In a similar vein, I’ve reminded myself several times that you can’t know everything. You just can’t. It doesn’t mean you can’t try, but you’ll have to move forward with something (a lot) less than all the knowledge in the world about software. Rather than drilling down too far on any one topic, I’d suggest knowing a little about a lot of things to start out. Get yourself to a point where you know a little bit about all of the most common components of whatever platform you’re developing on. Along the way, if you find something you really like, learn about it in depth (Know a lot about a few things.) Just be sure not to go too far down a rabbit hole to start. Pop up and keep gathering broad knowledge first. It’ll help you keep progressing and gives you a foundation to come back to.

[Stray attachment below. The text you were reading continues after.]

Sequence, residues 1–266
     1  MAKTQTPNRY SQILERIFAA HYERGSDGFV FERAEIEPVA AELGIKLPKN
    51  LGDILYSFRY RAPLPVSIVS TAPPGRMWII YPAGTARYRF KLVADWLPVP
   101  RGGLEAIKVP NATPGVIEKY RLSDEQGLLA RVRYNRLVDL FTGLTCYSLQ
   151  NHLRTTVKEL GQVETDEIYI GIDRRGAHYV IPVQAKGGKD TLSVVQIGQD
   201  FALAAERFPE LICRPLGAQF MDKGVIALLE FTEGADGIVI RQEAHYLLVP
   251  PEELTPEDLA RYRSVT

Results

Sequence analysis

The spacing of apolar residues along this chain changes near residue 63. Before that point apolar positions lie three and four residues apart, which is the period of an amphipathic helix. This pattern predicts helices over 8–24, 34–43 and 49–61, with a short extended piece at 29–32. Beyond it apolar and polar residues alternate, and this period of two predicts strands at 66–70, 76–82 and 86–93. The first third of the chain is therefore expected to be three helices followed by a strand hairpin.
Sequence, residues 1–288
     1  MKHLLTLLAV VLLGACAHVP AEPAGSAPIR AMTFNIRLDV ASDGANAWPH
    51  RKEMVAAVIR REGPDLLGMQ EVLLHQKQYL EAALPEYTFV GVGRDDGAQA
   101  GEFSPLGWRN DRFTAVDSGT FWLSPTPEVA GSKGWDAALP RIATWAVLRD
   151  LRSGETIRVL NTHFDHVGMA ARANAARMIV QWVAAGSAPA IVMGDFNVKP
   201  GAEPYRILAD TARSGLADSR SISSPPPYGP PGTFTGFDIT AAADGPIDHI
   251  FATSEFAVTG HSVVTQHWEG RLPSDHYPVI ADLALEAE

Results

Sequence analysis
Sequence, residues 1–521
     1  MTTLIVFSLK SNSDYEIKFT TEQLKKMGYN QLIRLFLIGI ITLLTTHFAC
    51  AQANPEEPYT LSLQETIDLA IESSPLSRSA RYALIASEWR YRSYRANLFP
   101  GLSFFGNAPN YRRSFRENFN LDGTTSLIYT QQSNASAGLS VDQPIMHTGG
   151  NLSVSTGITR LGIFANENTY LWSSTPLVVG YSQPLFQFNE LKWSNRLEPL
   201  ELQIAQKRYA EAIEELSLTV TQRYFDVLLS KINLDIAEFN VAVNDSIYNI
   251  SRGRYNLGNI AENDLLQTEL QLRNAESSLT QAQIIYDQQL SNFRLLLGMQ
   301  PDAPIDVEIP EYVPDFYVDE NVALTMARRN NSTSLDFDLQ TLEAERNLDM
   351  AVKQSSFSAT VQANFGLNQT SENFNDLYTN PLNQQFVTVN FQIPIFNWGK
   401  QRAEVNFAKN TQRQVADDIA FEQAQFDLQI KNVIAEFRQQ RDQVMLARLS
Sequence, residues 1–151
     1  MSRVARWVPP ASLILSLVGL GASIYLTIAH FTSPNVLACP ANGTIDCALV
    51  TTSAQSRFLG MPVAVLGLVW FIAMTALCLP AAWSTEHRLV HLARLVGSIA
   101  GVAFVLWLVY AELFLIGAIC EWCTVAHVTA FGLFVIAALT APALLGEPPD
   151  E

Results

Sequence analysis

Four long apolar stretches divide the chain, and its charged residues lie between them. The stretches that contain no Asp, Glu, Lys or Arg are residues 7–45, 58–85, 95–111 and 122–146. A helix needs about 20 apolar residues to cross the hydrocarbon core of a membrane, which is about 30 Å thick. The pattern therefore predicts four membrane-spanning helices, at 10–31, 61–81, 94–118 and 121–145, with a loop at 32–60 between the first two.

This is not a one time process. Keep doing this over and over again, learning a little bit about a lot of things and learning a lot about a few things during each project. Eventually, you’ll know a lot about a lot of things.

Bang Your Head Against The Wall

Stack Overflow, Quora, and the internet in general are incredible tools to find any knowledge you may need. I’ve found only a handful of issues over the past year that I couldn’t fix with a 30 minute hunt on the internet. Being part of the last generation that can remember a time before the internet, this type of easy information still blows me away.

But I want to advocate for something very different when you first encounter problems, particularly if you think they are fundamental to your app: Bang your head against the wall. Spend a couple hours on your own digging through the Apple reference docs and code base trying to solve your issue. Try a few things. Break your app. Write down some notes. Try a few more things. Break your app again. Get a little frustrated, (but not too frustrated, see my next piece of advice.)